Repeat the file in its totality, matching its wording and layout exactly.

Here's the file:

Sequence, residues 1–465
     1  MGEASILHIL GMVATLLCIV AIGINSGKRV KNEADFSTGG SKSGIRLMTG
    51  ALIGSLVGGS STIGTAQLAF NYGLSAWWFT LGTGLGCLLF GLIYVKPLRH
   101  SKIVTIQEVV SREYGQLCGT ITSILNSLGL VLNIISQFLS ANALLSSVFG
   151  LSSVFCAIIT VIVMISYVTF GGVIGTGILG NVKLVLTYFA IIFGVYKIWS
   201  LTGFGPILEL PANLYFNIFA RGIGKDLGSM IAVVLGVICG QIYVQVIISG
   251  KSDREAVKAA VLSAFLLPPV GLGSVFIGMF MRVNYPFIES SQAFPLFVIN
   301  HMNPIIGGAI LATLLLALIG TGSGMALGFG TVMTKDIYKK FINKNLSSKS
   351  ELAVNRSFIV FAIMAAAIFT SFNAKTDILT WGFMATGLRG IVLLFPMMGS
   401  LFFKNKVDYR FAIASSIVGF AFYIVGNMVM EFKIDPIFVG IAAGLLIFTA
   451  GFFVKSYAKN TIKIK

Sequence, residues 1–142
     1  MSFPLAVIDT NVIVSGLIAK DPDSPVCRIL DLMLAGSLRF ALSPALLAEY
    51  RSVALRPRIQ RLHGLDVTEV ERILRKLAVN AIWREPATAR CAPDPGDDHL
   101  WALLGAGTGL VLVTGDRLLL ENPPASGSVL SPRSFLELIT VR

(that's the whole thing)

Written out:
Sequence, residues 1–465
     1  MGEASILHIL GMVATLLCIV AIGINSGKRV KNEADFSTGG SKSGIRLMTG
    51  ALIGSLVGGS STIGTAQLAF NYGLSAWWFT LGTGLGCLLF GLIYVKPLRH
   101  SKIVTIQEVV SREYGQLCGT ITSILNSLGL VLNIISQFLS ANALLSSVFG
   151  LSSVFCAIIT VIVMISYVTF GGVIGTGILG NVKLVLTYFA IIFGVYKIWS
   201  LTGFGPILEL PANLYFNIFA RGIGKDLGSM IAVVLGVICG QIYVQVIISG
   251  KSDREAVKAA VLSAFLLPPV GLGSVFIGMF MRVNYPFIES SQAFPLFVIN
   301  HMNPIIGGAI LATLLLALIG TGSGMALGFG TVMTKDIYKK FINKNLSSKS
   351  ELAVNRSFIV FAIMAAAIFT SFNAKTDILT WGFMATGLRG IVLLFPMMGS
   401  LFFKNKVDYR FAIASSIVGF AFYIVGNMVM EFKIDPIFVG IAAGLLIFTA
   451  GFFVKSYAKN TIKIK

Sequence, residues 1–142
     1  MSFPLAVIDT NVIVSGLIAK DPDSPVCRIL DLMLAGSLRF ALSPALLAEY
    51  RSVALRPRIQ RLHGLDVTEV ERILRKLAVN AIWREPATAR CAPDPGDDHL
   101  WALLGAGTGL VLVTGDRLLL ENPPASGSVL SPRSFLELIT VR